How Climate Change Impacts the Health of Our Pets

USA Today recently published an interesting article about all the different ways warming temperatures have a negative effect on the health of our dogs, cats, and other pets.

According to veterinary epidemiologists interviewed for the article, certain diseases, many of them spread by parasites, are moving into geographic areas not previously affected by them.

Here’s a brief rundown, but be sure to click the link above to read the full story.

Rocky Mountain Spotted Fever

This is a bacterial illness spread by ticks.  Historically, it has been carried by the American dog tick.  Veterinarians are now reporting that this disease is being spread north by a new type of tropical tick (called the brown dog tick) that came to the US from South America.

Heartworm

Heartworm is a serious disease that is passed on to our pets through mosquito bites.  The worm larvae mature at faster rates in warmer temperatures.  Heartworm was traditionally a problem in the southern part of the US, but is now moving into other parts of the country that haven’t seen it before.

Lyme Disease

Like Rocky Mountain Spotted Fever, Lyme disease is also spread by ticks…usually the deer tick (also called the black legged tick).  Veterinarians report that Lyme disease is now moving north from the US into Canada.  The transmission season for Lyme and other diseases also gets longer as temperatures stay warmer for longer periods of time.

The article notes that climate change affects how these diseases are spread in multiple ways.  Besides the normal movement of parasites further north as temperatures warm, there are other ways they seem to be spreading.

One of the most significant is the movement of infected shelter pets from one part of the country to another.  This happens in the wake of climate-influenced natural disasters like hurricanes, tornados, and wildfires when displaced pets are relocated.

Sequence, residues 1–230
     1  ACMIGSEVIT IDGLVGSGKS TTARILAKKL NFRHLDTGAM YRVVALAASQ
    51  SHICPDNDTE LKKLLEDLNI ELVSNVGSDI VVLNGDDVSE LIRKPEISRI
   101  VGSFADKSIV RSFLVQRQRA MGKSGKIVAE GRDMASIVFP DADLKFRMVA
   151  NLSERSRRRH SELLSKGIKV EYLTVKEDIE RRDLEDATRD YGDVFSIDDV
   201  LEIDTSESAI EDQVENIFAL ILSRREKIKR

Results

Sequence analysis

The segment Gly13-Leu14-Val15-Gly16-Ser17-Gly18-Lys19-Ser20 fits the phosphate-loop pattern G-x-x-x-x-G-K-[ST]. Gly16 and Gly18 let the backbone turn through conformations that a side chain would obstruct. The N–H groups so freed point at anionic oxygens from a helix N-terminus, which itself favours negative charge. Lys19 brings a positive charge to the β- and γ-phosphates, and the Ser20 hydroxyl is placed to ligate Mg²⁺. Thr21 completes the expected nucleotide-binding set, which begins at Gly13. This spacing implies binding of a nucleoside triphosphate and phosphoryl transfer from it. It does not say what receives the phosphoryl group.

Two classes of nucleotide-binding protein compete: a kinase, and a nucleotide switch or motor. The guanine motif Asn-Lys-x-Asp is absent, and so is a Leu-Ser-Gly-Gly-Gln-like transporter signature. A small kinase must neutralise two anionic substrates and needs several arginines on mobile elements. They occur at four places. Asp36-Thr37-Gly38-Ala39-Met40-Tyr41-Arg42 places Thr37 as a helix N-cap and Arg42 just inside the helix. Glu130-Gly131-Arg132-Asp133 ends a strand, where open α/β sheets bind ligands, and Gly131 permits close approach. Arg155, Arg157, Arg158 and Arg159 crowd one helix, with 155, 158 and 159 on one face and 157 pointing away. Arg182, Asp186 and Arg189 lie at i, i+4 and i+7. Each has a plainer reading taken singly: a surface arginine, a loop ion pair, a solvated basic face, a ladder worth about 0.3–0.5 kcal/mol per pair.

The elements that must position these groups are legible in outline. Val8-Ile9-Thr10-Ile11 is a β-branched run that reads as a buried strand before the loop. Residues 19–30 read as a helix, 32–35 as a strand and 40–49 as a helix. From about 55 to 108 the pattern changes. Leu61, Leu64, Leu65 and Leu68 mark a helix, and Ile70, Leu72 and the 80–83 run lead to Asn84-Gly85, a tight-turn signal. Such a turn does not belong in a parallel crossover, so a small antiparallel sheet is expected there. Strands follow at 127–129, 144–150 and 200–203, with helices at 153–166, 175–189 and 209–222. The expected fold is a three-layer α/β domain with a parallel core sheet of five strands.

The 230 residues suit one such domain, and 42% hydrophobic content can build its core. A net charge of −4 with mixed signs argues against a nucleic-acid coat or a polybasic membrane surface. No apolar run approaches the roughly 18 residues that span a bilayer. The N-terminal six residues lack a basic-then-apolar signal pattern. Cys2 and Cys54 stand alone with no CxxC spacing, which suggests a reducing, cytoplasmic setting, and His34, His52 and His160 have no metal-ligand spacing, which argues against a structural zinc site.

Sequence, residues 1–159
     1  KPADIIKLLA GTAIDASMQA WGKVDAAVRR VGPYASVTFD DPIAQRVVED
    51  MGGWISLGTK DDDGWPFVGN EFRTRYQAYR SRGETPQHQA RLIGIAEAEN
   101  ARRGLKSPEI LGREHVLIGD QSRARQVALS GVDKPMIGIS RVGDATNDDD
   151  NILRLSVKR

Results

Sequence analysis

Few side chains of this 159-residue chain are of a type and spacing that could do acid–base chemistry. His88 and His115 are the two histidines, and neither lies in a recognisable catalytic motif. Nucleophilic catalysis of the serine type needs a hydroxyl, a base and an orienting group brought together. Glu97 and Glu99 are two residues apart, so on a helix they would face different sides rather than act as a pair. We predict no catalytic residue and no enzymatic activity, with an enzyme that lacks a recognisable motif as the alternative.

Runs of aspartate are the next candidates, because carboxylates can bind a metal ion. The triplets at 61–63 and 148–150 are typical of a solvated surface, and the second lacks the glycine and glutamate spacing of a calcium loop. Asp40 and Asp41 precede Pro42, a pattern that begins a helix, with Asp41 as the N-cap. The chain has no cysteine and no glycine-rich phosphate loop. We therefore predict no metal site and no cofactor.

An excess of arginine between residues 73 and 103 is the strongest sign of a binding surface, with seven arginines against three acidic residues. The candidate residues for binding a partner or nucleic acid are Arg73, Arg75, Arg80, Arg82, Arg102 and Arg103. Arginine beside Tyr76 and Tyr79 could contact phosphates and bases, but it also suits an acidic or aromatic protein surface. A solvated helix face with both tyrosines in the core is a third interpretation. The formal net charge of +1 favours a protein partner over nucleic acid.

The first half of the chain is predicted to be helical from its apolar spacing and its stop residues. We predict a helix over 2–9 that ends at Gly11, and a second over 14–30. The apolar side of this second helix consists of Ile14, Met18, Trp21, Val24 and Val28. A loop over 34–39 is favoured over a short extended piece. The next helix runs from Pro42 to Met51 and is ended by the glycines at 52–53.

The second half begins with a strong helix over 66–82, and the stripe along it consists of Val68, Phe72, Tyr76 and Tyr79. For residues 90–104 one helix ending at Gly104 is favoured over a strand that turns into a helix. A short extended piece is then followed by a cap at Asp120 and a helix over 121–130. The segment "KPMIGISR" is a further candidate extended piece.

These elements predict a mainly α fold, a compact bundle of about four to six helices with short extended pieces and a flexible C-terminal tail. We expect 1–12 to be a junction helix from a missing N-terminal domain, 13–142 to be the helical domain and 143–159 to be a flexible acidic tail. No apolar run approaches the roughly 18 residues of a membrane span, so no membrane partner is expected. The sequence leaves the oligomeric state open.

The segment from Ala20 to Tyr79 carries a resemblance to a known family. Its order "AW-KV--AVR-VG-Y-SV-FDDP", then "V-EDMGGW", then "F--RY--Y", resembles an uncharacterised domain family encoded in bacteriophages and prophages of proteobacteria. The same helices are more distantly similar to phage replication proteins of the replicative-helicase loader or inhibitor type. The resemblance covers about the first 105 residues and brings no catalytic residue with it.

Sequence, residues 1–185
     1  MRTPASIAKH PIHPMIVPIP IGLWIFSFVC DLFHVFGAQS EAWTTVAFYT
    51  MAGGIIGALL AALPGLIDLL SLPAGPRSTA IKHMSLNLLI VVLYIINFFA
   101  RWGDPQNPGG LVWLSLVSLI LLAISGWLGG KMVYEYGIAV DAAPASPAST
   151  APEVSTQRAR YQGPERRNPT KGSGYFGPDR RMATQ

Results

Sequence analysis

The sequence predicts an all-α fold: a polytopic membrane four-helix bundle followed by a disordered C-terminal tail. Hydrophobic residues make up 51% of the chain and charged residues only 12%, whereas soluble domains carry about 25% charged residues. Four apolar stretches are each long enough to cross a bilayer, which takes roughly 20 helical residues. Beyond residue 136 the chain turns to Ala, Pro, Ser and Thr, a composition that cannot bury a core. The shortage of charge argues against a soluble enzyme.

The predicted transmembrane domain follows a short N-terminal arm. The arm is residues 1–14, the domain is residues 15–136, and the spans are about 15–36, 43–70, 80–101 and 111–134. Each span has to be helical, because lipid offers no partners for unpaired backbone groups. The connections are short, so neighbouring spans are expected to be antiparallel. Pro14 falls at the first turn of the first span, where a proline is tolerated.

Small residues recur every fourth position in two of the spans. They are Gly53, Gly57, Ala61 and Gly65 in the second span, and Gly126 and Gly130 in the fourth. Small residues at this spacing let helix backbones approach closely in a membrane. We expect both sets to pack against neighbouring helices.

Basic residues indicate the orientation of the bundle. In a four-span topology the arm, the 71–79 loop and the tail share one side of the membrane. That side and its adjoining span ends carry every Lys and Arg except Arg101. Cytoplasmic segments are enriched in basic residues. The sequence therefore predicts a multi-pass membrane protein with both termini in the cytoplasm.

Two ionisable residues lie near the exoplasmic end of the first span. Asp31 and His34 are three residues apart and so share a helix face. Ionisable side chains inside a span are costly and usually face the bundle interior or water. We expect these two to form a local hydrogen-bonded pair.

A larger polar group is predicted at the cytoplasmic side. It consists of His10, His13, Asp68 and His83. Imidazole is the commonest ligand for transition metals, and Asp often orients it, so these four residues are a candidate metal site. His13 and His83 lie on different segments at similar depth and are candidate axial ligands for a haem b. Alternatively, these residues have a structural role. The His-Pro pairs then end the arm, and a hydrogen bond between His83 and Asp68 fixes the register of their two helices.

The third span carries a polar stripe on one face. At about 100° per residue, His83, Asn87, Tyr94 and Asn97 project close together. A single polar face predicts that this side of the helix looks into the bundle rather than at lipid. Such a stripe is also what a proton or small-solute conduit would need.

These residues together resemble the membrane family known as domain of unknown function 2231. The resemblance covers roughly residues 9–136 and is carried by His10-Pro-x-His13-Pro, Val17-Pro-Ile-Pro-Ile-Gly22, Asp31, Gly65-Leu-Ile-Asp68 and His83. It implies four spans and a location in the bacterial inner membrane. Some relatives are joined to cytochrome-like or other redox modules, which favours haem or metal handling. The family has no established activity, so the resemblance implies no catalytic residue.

More shelter pets are also being transported around the country because there’s a greater demand for shelter pets as the sale of dogs and cats in retail pet stores is being banned in more places around the US.

Be sure to talk to your veterinarian about the best ways to protect your pets from parasite borne illnesses in your area!

 

The 8 Most Common Canine Health Problems

A large-scale study of dogs in the UK has identified the most common canine health disorders seen by veterinarians.

The electronic health data of over 450,000 dogs under veterinary care in the UK was analyzed by researchers conducting this study.

Let’s take a look at some key findings.  Be sure to check out the full report, published in BMC Veterinary Research HERE.

The 8 most common canine health problems are:

  • Anal sac disorder
  • Conjunctivitis (eye infection)
  • Dental disease
  • Dermatitis (skin problems)
  • Overweight or obese
  • Lipoma (fatty tissue growth)
  • Osteoarthritis
  • Otitis externa (ear infection)

The researchers note that some of these health conditions are more prevalent than others, while some tend to be more severe or longer lasting than others.

Most prevalent health issues:

  • Dental disease
  • Overweight or obese
  • Anal sac disorder

Most severe health problems:

  • Osteoarthritis
  • Otitis externa
  • Dermatitis

Health issues with longest duration:

  • Dental disease